Friday, January 11, 2013

150 Acres of Disease

Speech to the Josephine County Commissioners, 11/24/2010.

Last night, I saw a piece on RVTV Channel 14 about Abandoned Orchards.  This Board and the Grants Pass City Council should arrange to see it.
I noticed some weeks ago that the trees in the pear orchard on the River Road Reserve, the old Naumes property, are not as pretty with fall color as they have been in the past.  It appears that about 90% of them are infected with something that turned nearly all of their leaves brown before their time.  It doesn’t appear to fire blight, as leaves that grew later in the season at the top of the trees turned pretty colors; fire blight kills entire limbs.
The video talked mainly about pear scab and fire blight, both of which also infect apples.  This infection appears to be a bit worse than scab, as it hasn’t just spotted the leaves; it has turned them completely brown.  I submit that the condition of the trees in this orchard is the real reason that Grants Pass did not allow pear picking by its residents this year.
Jackson County has a lot of commercial pear orchards, thus their interest in airing this video on our shared RVTV Channel 14.  I wonder what Jackson County, and particularly Harry and David, would think of 150 acres of pear trees, abandoned for nearly10 years and now full of pests and disease, just upwind of them in Josephine County, owned by the City of Grants Pass.  According to this video, those trees should be ripped out of the ground and burned, this winter, before tender new leaves come out in the spring to get infected.  Bacterial and fungal spores can fly a long ways, and 150 acres can make quite a cloud of spores.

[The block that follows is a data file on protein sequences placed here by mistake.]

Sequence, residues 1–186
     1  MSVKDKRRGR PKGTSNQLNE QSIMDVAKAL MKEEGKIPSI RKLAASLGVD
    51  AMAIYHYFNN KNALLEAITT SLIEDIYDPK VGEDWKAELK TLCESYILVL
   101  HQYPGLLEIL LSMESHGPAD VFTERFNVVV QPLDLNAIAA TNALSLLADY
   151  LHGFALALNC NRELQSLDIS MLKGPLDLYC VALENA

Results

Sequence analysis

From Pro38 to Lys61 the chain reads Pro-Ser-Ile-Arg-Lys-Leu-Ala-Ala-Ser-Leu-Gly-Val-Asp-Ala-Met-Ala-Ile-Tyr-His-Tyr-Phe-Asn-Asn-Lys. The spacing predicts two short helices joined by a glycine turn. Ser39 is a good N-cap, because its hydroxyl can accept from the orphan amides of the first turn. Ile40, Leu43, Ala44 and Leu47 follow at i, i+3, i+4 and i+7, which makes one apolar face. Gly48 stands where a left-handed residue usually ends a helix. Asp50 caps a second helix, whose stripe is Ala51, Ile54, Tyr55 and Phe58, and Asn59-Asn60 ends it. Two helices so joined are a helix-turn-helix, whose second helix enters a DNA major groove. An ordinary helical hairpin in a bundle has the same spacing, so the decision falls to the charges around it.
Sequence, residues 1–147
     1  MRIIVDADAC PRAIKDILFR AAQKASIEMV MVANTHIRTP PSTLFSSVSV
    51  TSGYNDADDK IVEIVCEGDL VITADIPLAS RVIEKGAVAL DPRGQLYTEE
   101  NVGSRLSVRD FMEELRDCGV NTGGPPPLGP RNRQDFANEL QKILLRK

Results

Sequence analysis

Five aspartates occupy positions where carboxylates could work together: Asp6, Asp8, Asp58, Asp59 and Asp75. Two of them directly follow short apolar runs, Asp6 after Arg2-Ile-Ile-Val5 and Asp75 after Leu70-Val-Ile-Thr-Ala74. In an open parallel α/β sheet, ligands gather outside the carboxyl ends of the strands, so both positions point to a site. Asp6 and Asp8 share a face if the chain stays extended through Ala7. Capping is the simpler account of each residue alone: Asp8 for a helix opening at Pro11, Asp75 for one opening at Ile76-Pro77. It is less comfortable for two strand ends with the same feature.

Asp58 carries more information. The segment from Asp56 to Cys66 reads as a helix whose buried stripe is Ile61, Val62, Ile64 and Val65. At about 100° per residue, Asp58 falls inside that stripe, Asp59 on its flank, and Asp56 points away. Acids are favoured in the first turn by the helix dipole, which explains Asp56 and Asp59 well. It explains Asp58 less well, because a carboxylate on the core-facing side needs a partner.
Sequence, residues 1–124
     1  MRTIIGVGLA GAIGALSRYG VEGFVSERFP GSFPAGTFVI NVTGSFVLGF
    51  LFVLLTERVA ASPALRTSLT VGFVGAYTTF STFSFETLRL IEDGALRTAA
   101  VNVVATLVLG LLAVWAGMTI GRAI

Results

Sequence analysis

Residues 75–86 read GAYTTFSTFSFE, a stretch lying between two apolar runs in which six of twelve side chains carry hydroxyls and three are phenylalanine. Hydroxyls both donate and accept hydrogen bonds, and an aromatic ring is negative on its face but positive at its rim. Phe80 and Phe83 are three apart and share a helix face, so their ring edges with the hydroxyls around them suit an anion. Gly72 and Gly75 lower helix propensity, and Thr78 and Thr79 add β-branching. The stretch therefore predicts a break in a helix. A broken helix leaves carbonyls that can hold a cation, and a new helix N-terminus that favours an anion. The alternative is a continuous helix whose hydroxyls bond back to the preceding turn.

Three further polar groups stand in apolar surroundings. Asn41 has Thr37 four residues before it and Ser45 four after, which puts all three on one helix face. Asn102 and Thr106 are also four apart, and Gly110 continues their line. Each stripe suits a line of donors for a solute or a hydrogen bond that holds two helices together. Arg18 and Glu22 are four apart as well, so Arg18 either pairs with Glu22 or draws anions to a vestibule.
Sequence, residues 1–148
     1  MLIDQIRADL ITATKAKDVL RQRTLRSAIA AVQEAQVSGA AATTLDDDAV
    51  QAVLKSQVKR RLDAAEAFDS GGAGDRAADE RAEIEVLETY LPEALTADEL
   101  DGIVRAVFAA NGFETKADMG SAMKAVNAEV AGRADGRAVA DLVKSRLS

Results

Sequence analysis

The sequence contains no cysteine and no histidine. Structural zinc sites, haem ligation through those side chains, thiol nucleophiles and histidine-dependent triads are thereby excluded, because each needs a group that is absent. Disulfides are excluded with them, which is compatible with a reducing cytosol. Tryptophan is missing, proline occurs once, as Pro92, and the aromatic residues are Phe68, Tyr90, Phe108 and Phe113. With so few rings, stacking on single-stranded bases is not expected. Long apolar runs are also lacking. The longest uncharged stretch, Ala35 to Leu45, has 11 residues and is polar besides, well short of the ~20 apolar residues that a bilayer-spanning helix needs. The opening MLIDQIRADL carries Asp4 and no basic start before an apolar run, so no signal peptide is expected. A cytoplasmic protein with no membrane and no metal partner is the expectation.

Those spores are a much greater danger to backyard pear and apple trees throughout the Grants Pass area.  This abandoned orchard is a nuisance to all pear and apple growers; its noxious weeds are a nuisance to neighboring farmers; its insects spread diseases and infest our trees. 
I looked on this county’s website for any ordinance that applies to abandoned orchards, but I could find no ordinances on your site at all.  The City of Grants Pass needs to face up to its maintenance liability that it bought so cheap along with 250 acres of exclusive agricultural use land.  This Board needs to help them see it, by passing an ordinance regarding abandoned orchards if it doesn’t already have one, and enforcing it if we do.  This speech will be sent to the Jackson County Commissioners and Harry and David.  They will be watching to see what you do—or don’t.
(“Abandoned for nearly 10 years” is an exaggeration; the land was bought by Grants Pass in 2006.  It may not have been neglected prior to that; it certainly has been since.)

Published at under Land and Liability

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